This year's influenza pandemic has been like nothing I have ever seen in 13 years of medical practice. I'd like to talk quickly about what is circulating, what the vaccine covers, and what the efficacy findings are so far.
There are two major strains of influenza circulating in the northern hemisphere. The first is an Influenza A H3N2 variety. While this virus is well-matched to the vaccine (with 98.5% of viruses inhibited by ferret antisera raised by the vaccine), the production of the virus on eggs seems to lead to some genetic alterations in the surface antigens that reduce the protection offered by the immunization. This is true just about any year an H3N2 Infuenza A is predominant. So far, in the USA, the immunization seems to be ~33% effective at preventing disease and ~50% effective at preventing death. Now, I will point out that 33% is also 33% higher than the zero percent you get if you don't take the shot.
The other strain is an Influenza B Victoria Lineage. According to the CDC, so far influenza B virii have been responsible for ~15-20% of disease burden. That said, in my community I have been keeping track and I have seen about 1/3 of the disease burden come from Flu B, although my rapid tests that I have don't distinguish the different lineages. We usually see influenza B later in the season, in February and March, but this year I got my first case in November and I have been seeing a high disease burden all through the season. The good news is that the immunization usually does a better job against influenza B, with an efficacy of ~60-70%, and it is well-matched to the two circulating strains this year.
The immunization is made by propagating virus on chicken eggs and then breaking the virus particles apart with formaldehyde. The formaldehyde is then washed out, an adjuvant and some stabilizing agents are added, and the vaccine is packaged. Because the USA does not use any "live virus" vaccines, the immunization cannot make you sick, although the immune activation from the vaccine can make you feel a bit off for a day or two.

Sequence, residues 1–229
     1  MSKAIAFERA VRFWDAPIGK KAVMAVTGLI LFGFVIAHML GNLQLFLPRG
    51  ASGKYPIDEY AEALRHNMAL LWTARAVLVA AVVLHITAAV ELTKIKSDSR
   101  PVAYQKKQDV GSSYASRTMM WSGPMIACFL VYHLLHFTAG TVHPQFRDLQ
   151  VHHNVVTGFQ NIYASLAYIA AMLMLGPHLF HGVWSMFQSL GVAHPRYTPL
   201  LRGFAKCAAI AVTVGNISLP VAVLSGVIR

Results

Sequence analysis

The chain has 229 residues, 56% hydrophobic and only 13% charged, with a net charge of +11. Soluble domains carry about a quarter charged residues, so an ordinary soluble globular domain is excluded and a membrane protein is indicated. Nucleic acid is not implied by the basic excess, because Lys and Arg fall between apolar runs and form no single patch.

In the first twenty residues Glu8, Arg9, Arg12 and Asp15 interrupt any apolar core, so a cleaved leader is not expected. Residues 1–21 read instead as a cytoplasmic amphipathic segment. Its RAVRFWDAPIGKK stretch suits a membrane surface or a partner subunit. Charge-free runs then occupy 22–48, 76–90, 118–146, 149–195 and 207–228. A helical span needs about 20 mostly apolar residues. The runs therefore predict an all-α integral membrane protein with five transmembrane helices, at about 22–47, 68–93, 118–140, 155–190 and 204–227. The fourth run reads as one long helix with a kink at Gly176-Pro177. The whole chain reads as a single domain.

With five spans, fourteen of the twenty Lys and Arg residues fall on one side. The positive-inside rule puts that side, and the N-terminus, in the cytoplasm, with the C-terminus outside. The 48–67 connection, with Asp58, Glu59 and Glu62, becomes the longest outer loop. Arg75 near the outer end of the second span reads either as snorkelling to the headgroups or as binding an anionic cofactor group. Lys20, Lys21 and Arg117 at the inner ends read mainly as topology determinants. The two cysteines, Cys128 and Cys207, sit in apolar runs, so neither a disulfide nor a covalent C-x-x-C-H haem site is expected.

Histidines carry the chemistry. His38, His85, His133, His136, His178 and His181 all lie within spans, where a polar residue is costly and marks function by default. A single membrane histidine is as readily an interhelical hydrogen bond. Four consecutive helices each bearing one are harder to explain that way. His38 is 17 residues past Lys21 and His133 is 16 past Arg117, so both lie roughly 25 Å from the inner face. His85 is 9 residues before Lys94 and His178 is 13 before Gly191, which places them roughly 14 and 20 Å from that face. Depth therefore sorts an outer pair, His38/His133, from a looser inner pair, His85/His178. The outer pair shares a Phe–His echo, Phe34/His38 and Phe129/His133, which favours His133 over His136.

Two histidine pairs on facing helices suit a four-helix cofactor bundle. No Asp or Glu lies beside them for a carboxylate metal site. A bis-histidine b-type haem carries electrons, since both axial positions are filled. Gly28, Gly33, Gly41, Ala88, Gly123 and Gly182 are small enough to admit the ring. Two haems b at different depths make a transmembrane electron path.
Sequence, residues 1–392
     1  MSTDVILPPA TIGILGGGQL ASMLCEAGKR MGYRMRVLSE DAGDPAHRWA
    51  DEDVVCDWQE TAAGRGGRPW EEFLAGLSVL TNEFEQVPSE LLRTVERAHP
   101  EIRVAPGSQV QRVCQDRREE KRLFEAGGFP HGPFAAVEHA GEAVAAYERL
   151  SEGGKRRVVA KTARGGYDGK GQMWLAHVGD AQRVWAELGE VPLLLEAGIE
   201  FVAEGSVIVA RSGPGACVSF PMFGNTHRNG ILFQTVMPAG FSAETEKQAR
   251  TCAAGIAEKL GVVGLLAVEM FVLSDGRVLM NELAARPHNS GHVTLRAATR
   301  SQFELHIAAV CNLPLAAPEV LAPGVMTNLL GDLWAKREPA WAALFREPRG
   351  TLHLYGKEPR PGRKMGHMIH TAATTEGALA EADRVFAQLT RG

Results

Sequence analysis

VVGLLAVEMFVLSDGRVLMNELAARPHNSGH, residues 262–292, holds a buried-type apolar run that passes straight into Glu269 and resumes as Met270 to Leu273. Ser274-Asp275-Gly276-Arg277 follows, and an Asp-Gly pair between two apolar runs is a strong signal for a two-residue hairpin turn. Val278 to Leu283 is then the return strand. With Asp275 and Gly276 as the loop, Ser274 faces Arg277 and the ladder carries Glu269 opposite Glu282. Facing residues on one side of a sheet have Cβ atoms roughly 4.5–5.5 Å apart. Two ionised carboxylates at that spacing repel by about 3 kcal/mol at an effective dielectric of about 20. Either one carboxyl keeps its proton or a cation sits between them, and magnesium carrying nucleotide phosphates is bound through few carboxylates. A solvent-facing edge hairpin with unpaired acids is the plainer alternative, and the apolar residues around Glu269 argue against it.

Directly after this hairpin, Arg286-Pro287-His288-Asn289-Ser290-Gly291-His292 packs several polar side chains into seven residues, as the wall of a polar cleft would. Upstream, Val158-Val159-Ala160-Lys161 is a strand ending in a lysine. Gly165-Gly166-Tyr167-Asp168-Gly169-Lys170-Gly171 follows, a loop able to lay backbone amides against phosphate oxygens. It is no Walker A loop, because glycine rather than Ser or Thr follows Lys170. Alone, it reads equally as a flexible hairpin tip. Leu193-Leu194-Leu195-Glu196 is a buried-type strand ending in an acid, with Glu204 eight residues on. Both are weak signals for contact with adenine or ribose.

As for oseltamivir ("TAMIFLU") this is an inhibitor of an enzyme on the surface of the virus particle called neuraminidase. Human cells are covered by a layer of gooey polysaccharide, and this makes it difficult for virus particles to exit the cell. Neuraminidase allows the virus particles to break down this gooey layer and float off on their merry way. Inhibiting neuraminidase prevents virii from leaving infected cells and reaching the cell membrane of uninfected cells. The trouble is that by the time you get oseltamivir on board, the benefit is modest. It only shortens the duration of the disease by a mean of 12 hours (optimistically) and there is only the sketichest evidence that it decreases hospital admission rates or severe complication rates. Side-effects are usually mild and include GI upset and a metallic taste in the mouth. If you have been sick for more than 48 hours, oseltamivir is of no benefit at all.
My experience is that in healthy children and young adults, this is a 3-5 day disease.
For those of you who are interested in some technical details, here is the CDC seasonal influenza page, called "FluView."https://www.cdc.gov/flu/weekly/